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Sunday, December 16, 2007


An very useful book for any sales manager is John Davis' Magic Numbers for Sales Management: Key Measures to Evaluate Sales Success. This book covers how to measure over 50 aspects across the sales process, from sales planning through to sales performance and review.

In one chapter, Davis covers Independent Sales Representative Analysis.
"Sales management have three basic choices when building their sales force: 100% company-employed sales people, an independent sales force, or a combination of these two"

In essence, the formula compares the overall costs of an employed sales force with that of independent sales representatives and calculates the break-even point below which you outsource and above which you bring it in-house.

To me, this is too simplistic.

The chapter concludes that companies need to consider their situation and longer-term strategic goals. "Costs will influence their decision" says Davis but "other, harder-to-control factors" should be considered.

In my experience, sales outsourcing decisions are seldom made with a straight cost comparison. The most common factors influencing a company's decision to outsource sales include:

Internal capabilities - if the company does not have, or is unable to attract, the capabilities to build a strong sales force, outsourcing to a contracted company is a good option.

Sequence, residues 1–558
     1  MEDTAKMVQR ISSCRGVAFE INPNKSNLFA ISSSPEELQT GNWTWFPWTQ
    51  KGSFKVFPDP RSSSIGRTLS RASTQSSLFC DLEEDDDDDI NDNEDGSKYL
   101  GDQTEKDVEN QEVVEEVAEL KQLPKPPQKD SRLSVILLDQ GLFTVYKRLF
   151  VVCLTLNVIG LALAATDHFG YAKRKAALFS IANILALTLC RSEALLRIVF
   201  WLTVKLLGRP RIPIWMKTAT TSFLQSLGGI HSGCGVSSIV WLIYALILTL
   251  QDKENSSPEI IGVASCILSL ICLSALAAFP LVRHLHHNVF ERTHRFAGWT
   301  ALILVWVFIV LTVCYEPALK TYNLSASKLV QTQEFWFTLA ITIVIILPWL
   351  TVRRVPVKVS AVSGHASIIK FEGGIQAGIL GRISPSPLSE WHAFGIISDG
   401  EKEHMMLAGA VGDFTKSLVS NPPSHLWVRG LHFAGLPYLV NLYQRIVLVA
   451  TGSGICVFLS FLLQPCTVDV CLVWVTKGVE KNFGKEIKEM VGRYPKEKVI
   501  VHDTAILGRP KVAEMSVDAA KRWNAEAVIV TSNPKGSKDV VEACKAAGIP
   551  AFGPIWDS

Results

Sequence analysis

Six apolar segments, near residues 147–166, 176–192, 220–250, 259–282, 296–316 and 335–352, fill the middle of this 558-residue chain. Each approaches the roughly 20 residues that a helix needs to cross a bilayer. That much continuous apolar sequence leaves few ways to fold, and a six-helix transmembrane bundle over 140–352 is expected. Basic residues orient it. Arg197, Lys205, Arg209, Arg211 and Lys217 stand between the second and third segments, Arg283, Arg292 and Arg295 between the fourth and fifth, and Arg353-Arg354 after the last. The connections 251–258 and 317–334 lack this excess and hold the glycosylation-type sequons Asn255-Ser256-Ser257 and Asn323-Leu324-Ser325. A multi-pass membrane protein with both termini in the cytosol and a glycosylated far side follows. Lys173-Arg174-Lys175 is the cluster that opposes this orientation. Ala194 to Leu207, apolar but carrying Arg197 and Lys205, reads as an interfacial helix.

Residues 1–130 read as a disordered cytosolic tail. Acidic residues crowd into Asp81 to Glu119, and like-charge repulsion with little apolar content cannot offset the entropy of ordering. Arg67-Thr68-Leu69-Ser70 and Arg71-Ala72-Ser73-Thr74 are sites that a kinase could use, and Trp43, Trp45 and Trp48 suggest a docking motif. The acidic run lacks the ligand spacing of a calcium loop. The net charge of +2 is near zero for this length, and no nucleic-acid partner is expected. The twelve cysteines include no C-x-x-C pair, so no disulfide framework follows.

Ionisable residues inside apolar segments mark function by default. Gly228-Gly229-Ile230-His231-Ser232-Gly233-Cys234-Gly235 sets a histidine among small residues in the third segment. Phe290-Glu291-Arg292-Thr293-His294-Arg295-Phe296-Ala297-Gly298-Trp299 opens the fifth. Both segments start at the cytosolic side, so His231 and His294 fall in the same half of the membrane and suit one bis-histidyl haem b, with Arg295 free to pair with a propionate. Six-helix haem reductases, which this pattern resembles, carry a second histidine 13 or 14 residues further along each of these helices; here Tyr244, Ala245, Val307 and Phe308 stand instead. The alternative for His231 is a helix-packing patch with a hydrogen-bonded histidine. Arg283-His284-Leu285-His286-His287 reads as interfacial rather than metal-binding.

Time to market - recruiting a sales team from scratch takes time. An outsourced sales force can bring immediate "feet on the street".

Conserving capital - recruitment fees, infrastructure and tools (laptops, cars, etc) mean that building an in-house sales team is a significant capital investment. A sales outsourcing partner will typically work on fee plus commission structure which can get you in the game for a lot less that hiring your own team.

Fixed versus variable costs - for start-ups and early stage companies this is often the biggest attraction of outsourcing sales.

Of course, costs are an important factor, but strategic value usually plays a more significant part of the decision to outsource your sales force.

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Posted by: David Regler @ 5:51 pm |   | Links to this post  

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2 Comments:
  1. Feedback At 6:33 pm ~ Blogger jamie said...

    i run a lead generation business at www.buyingtime.co.uk - and in my experience clients are very aware nowadays of the risks involved in sales teams. Risk Management is now a major issue with companies who turnover £2m-£10m, and they don't always want to place their destiny in the hands of a sales director whom they have just hired. metrics are all good, but growing companies are nervous about the sales process...
     
  2. Feedback At 7:05 pm ~ Blogger Alan McKendry said...

    This comment has been removed by a blog administrator.
     

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